As a fully-fledged marketeer, I often find myself taking a different perspective on issues that other parents are debating. From TV shows to prams, I often find the (admittedly small) marketing part of my brain masticating a problem from a different view to other mums and dads. So I’ve been really interested lately to see the debate about gender stereotyping – something I didn’t give a second thought to before I became a dad.
As a parent of a 2 and a 5 year old, my exposure to gender stereotyping has become a lot higher in the past 18 months – with a few ‘milestone’ moments piquing my curiosity in particular:
- As a well-known Lego fan, the launch of the “girl-friendly” Lego Friends range caused a lot of debate amongst parents – with a very mixed set of responses, from “That’s just sexist – all Lego is girl-friendly” to “At bloody last – finally my girls are getting into Lego”
- The work of a few organisations was brought to my attention on Twitter – with particular mention to the brilliant ‘Pink Stinks‘ campaign and the ‘Let Toys be Toys‘ website (check them out if you haven’t already!)
- In one of my recent ‘Parent Panel’ review posts, my friend Emma made a point of highlighting the lack of ‘strong’ female characters on Cbeebies, while reviewing ‘The Octonauts’ (which most people seem to agree is better than most when it comes to female characters)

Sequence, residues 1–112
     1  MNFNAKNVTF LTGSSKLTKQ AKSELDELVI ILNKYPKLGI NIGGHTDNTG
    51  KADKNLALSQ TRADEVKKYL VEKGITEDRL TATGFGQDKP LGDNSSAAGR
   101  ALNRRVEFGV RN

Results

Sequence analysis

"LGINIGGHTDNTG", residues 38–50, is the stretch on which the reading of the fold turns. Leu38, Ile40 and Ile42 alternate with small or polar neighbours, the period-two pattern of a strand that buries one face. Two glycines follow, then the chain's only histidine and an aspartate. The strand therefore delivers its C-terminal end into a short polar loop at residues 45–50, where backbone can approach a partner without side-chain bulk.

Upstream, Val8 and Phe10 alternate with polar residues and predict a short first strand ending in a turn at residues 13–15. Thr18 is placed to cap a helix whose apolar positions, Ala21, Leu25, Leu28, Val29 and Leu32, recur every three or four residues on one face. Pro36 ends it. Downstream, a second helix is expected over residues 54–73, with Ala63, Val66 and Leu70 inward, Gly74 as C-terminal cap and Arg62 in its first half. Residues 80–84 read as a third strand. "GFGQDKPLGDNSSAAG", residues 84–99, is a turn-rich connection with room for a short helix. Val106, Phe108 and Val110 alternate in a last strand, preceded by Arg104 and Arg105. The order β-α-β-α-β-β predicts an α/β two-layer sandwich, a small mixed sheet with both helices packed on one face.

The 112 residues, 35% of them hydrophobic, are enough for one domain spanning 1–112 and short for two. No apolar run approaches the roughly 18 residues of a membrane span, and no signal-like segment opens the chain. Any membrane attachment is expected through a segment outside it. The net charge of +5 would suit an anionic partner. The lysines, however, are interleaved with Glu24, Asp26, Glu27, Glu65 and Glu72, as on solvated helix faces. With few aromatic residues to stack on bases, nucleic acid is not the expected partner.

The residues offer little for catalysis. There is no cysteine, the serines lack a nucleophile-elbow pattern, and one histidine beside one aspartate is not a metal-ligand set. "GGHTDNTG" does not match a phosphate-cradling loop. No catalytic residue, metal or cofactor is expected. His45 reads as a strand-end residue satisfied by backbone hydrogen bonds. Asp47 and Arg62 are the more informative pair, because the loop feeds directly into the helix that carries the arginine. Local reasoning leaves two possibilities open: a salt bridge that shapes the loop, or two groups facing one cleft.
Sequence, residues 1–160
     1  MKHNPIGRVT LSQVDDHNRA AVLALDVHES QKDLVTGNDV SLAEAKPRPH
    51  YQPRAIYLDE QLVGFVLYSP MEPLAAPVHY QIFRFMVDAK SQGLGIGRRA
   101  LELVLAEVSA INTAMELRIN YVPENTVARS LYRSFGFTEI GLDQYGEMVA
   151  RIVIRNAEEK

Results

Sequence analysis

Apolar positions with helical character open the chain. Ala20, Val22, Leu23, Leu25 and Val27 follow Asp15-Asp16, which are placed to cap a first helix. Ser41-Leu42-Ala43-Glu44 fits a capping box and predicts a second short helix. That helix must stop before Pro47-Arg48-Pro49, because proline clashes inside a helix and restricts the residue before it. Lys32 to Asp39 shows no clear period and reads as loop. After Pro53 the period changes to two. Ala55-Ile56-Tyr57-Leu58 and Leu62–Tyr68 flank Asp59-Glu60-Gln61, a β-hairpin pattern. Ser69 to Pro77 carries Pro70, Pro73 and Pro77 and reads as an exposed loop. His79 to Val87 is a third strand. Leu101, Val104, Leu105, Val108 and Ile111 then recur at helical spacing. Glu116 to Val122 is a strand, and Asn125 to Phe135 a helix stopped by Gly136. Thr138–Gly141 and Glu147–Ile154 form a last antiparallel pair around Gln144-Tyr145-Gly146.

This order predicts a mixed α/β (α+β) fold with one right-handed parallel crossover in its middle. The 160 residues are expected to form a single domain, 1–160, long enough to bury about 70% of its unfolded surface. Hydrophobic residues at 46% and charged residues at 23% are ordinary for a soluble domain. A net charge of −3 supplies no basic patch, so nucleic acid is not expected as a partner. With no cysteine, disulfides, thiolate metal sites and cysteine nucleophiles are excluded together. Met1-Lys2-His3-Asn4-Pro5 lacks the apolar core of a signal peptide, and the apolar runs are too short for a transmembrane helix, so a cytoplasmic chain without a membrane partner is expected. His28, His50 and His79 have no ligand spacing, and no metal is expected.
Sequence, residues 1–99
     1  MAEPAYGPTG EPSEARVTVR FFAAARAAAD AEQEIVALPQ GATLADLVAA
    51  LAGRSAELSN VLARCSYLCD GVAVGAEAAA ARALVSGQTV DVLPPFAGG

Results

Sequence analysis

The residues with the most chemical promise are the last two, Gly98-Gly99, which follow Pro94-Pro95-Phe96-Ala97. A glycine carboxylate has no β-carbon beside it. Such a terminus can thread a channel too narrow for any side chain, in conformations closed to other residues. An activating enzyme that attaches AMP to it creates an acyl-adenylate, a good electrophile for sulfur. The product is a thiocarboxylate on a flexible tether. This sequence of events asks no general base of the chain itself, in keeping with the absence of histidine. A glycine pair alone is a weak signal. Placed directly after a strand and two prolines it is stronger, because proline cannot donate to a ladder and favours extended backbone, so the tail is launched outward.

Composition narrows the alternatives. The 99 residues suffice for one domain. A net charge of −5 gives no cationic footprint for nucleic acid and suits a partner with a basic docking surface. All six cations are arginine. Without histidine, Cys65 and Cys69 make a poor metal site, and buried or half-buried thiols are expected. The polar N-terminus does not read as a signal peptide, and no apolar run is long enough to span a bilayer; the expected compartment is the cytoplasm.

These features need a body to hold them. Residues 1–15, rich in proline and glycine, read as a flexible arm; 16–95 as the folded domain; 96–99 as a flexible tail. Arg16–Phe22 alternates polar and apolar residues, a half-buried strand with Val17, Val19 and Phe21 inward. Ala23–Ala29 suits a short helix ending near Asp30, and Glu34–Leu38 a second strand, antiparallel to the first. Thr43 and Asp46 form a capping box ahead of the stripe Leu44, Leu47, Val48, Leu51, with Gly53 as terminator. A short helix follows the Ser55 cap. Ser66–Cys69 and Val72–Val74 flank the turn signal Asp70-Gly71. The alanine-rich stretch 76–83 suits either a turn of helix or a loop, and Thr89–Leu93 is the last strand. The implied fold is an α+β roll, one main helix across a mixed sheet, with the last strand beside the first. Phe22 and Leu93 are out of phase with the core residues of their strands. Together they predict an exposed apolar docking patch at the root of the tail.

- Just today, one of my fellow dad bloggers – Rob Watson – wrote a guest post for the Huffington Post, taking a fresh look at how toys are sold in his local Toys R Us – go read it now!
If you’re not up to speed by this point, here’s the problem in a nutshell: toys, games, TV shows and all sorts of other stuff market things to girls and boys differently. I noticed a perfect example of this just last week, while watching the adverts during Channel 5’s daily ‘Milkshake’ segment: Disney’s Minnie Mouse toys include a cheerleader (complete with ‘Oh Mickey’ cheer) and an air hostess, while their Mickey toys have a much more boy-centric theme.
Now as I said at the start of this post, my marketing hat means I view this problem slightly differently than a lot of consumers – I can see exactly why marketers decide to pitch their toys this way. Namely: Because it works – if it didn’t, we’d be living in a much more equal world by now. I know that doesn’t make it right – but if we’re being fair, you can’t blame marketers for exploiting a bigger issue in our society to make their crappy toy stand out against another crappy toy. After all, that’s the very point of marketing – nobody said it was supposed to be ethical.
But by the same token, I can see that marketers have just as much of a responsibility to change these stereotypes as anybody else – though the ‘early adopters’ of any sort of challenger movement will be the ones who take a hit while everybody else catches up.
So it was reassuring to see one of the campaigns on ‘Let Toys be Toys’ has seen some success recently – namely the news that Toys R Us (UK) have agreed to remove their ‘Boys’ and ‘Girls’ signposting from their stores.